Full rate – paid from week 13 of a claim onwards
|Claim||Work-related activity group||Support group|
|Basic ESA||Up to £77.00 a week||Up to £117.60 a week|
|If you receive income-related ESA|
you also qualify for the
Enhanced Disability Premium
|Up to £16.80 or £24.10 a week|
|If you qualify for Severe Disability Premium||Up to £65.85 or £131.70|
Don’t forget contributions-based ESA is a taxable benefit.
How income and savings impact ESA
How much you and your partner earn from all sources, including pensions, can affect how much ESA you are paid.
Savings between £6,000 and £16,000 may reduce your payment, while you cannot claim income-related ESA if you have savings of £16,000 or more.
When are you paid?
ESA is paid every two weeks in to a bank, building society or credit union account.
Impact on other benefits
ESA is one of the payments affected by the benefits cap. The cap restricts the amount of benefit someone aged between 16 and 64 years old can claim.
Go to the benefit cap calculator to find out how much your benefit might be capped.
The benefit cap does not apply if you are in the ESA support group.
Moving from incapacity benefits to ESA
You will be allocated to either work-related support or support group If you are switched to ESA from:
- Incapacity Benefit
- Income Support paid because of illness or disability
- Severe Disablement Allowance
Your benefit will seamlessly transfer, but you will undergo a Work Capability Assessment.
If your benefit is lower than ESA, your payment will increase when you switch to ESA.
If you receive more than the ESA payment, your benefit will stay at that level until the rate of ESA catches up.
How do I apply for ESA?
You can easily apply for ESA over the phone – but the number you call depends on the claim you want to make.
The online benefits calculator should give you some idea if you are claiming ESA or if you should claim ESA as part of Universal Credit instead.
Information needed to make a claim
- National Insurance number
- Medical certificate
- Your doctor’s address and telephone number
- Home and mobile telephone numbers
- Mortgage lender or landlord details
- Council Tax bill
- Employer’s address and telephone number, as well as dates of employment or last day worked
- Your bank details
- Information about any money you receive, such as benefits or sick pay
Contributions-based and income-related ESA
Call 0800 055 6688 (Textphone: 0800 023 4888).
Lines are open between 8am and 6pm Monday to Friday.
New style ESA and Universal Credit
- Call 0800 328 9344 (Textphone: 0800 328 1344) if you’re in a Universal Credit ‘live service area’
- Call 0800 328 5644 (Textphone: 0800 328 1344) if you’re in a Universal Credit ‘full-service area’
Lines are open between 8am and 6pm Monday to Friday.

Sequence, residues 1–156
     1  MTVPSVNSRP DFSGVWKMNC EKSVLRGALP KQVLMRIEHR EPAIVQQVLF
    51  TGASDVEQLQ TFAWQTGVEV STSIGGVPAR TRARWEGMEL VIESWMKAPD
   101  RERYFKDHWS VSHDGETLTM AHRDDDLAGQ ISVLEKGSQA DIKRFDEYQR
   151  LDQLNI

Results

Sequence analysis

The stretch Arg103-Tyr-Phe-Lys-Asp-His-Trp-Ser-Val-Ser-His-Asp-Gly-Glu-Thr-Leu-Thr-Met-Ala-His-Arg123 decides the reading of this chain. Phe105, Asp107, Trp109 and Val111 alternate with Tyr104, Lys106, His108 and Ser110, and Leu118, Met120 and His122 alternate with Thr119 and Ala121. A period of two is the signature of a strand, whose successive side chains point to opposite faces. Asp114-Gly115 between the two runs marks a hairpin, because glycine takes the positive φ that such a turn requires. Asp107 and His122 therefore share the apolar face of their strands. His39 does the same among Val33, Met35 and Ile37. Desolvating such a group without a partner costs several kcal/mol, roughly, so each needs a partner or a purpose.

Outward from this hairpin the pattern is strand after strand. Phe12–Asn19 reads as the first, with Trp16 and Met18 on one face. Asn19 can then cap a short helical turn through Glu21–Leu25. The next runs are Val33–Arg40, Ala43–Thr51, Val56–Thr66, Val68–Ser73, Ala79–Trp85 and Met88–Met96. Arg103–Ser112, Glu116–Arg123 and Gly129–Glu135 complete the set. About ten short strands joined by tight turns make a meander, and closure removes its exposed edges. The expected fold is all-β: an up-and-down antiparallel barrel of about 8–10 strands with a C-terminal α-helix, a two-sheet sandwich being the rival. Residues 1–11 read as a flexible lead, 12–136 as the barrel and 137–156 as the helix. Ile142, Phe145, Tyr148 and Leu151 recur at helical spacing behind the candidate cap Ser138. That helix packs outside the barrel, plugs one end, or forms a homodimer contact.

Find out which one applies to you from the list of Jobcentres. You live in a full-service area if your Jobcentre has an asterisk (*) alongside on the list. If your Jobcentre has no asterisk, it’s a live service area.
What to do if your circumstances change
You need to report any change in circumstances straight away, so you are paid the right amount of ESA.
Changing circumstances include:
- Starting or stopping work, education, training or an apprenticeship
- Moving home
- Changing your name
- People moving in or out of your home
- Changes to benefit payments you or anyone else in your home are paid
- Changes to your pension, savings, investments or property
- Changes to money you receive, such as student loans, grants, sick pay or money from a charity
- Changing your doctor
- Changes to your medical condition or disability
- Going into hospital, a care home or sheltered accommodation
- Going abroad for any length of time
You can report a change of circumstances by calling the ESA helpline on 0800 169 0310 (Textphone: 0800 169 0314) or by writing your Jobcentre Plus office. Lines are open between 8am and 6pm Monday to Friday.
Failing to promptly report a change could lead to prosecution or a £50 fine.
Challenging your ESA decision
If you believe your ESA ruling is incorrect, you can challenge the decision.
The first step is asking for ‘mandatory reconsideration’ within a month of the ruling. A case worker will review your file and reply in writing with the action they are taking because of the request.
If you are still unhappy with the decision, you can take your case before the Social Security and Child Support Tribunal.
To do this, complete Form SSCS1 explaining why you think the decision is wrong and attaching any evidence that proves your case.
If you need help with challenging your ESA decision, contact Citizen’s Advice or a lawyer.